This principle of plenitude was what inspired the classification-craze of scientists like Linnaeus – somewhere there must be a creature to fill every gap in the nested heirarchy. With Darwin, of course, that “plenitude” became scattered through deep-time, and it is one unconscious justification for universal common descent (when both logic and much evidence suggests multiple origins of life). I’ve mentioned before that nested heirarchies are no more evidence for common descent than they are of mediaeval plenitude, apart from assumptions that come from beyond science.
But God doesn’t have to create everything, or even what we consider the-best-of-all-possible-worlds. He is free – and uses his freedom liberally. It’s enough that he is good, that he creates what he wants, and calls it “good”. Once we stop insisting that God must create, or allow, everything possible (so we don’t have to believe in infinite random variation either, as it happens), we can begin to see the God of providence more clearly. He is not steering the occasional privileged molecule or sperm, but, as is inherent to a monotheistic creation, directing all things toward their end by creating them and their histories.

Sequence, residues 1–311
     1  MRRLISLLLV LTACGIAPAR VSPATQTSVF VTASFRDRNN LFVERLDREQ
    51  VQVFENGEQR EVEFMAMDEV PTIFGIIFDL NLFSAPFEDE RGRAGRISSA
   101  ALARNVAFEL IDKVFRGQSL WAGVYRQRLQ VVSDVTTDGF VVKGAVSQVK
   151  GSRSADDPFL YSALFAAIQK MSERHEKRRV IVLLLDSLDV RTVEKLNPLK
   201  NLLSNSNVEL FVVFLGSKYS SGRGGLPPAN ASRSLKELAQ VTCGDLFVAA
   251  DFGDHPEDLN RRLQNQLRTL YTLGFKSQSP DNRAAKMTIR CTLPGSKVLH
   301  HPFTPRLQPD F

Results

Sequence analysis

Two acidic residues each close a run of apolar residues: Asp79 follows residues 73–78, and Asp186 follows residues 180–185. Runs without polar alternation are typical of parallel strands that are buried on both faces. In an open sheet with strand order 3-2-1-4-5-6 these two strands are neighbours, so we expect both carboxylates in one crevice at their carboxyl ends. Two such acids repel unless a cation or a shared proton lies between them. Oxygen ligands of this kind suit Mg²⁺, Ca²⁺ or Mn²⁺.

Such a God is not an inveterate tinkerer, or a mere mechanic, or a monomaniac. He is the God of Abraham, Isaac and Jacob, the God of the Logos and the Author of life, who because of his utter transcendance is able to be seen as thoroughly, and pervasively, imminent in his creation. To imagine that any part of such a creation could remain apart from his government is as absurd as saying – well, that randomness can cause anything.
Now, say after me…